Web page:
As discussed here, the California Consumer Privacy Act of 2018 (CCPA), in its current state, likely applies to businesses that collect the personal information of their employees.  AB 25, which passed in the California Assembly on May 29, 2019, sought to address this issue by removing employees and job applicants from the CCPA’s definition of “consumer.”  This amendment was slated to exclude businesses from having to comply with the CCPA if their only connection to the “big data” world is collecting the personal information of employees and job applicants.

Recently, however, AB-25 underwent significant revisions when it made its way to the Senate Judiciary Committee for hearing on July 9, 2019.  The bill’s author, Assembly Member Ed Chau, agreed to amend AB-25 before it unanimously passed.  The amended version now states that businesses collecting personal information from job applicants, employees, owners, directors, officers, medical staff members or contractors of the business are exempt from the CCPA only until January 1, 2021.  Moreover, businesses are not completely off the hook under the one-year exemption.  They must still comply with the disclosure obligations under Sections 1798.100, and remain subject to a private right of action under the CCPA if there is a data breach based on a business’s failure to implement and maintain reasonable security procedures and practices.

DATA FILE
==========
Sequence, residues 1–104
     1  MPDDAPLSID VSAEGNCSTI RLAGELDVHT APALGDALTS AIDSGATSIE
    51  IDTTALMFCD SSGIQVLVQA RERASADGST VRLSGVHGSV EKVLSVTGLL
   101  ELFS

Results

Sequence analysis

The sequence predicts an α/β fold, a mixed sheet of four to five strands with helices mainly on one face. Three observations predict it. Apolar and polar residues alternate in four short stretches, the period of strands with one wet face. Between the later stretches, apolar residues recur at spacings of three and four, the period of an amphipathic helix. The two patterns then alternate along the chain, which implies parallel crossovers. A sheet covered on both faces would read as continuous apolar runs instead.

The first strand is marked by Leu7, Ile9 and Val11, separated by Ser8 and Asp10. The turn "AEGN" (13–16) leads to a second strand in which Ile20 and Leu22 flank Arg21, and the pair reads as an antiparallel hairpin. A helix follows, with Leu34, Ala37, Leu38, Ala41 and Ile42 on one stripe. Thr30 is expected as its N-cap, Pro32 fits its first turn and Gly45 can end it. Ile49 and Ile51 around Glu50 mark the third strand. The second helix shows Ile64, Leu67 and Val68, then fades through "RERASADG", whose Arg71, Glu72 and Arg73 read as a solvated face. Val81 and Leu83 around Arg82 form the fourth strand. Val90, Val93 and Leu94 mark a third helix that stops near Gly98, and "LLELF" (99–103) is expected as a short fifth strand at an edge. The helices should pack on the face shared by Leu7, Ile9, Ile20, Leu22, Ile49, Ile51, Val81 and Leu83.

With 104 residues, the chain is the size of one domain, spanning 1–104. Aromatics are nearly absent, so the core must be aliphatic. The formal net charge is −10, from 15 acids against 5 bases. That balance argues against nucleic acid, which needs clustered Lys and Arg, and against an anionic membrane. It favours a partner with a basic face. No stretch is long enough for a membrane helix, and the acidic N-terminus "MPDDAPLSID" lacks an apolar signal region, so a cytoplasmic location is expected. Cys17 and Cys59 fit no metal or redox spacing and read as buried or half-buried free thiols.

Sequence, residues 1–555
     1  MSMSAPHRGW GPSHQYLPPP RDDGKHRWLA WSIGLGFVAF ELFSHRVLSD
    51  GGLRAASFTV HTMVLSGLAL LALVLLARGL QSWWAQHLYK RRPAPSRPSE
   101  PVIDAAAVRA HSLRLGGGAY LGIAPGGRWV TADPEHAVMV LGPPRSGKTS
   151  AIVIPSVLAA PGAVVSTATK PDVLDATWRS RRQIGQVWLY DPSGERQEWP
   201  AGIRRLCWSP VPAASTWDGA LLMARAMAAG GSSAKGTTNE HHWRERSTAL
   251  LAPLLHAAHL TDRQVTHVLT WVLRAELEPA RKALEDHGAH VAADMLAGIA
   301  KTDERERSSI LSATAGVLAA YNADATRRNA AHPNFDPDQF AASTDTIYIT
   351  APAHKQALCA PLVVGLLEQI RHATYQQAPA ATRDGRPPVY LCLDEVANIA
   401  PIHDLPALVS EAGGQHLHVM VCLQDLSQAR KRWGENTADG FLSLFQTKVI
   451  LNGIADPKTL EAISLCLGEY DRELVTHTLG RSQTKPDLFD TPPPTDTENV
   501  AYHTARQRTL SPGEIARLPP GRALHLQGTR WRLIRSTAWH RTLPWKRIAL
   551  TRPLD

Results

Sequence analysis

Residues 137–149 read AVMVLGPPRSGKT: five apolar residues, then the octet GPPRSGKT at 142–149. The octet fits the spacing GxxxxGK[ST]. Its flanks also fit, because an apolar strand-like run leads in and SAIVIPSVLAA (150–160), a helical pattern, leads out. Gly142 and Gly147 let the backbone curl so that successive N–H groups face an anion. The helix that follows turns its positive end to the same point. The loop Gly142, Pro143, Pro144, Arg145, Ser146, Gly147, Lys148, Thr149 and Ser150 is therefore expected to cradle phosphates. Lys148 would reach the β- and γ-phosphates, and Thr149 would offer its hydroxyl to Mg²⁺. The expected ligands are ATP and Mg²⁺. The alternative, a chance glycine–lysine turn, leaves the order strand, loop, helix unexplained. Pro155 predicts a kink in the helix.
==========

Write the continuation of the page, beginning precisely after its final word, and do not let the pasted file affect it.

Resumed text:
It remains to be seen if AB-25 will be signed into law in its current iteration.  The addition of the sunset clause suggests that this amendment may be a placeholder until proponents on both sides of this issue negotiate legislation that, on the one hand, alleviates the CCPA’s burden on employers who do not collect or sell typical consumer data, and on the other hand, adequately protects employee privacy and information.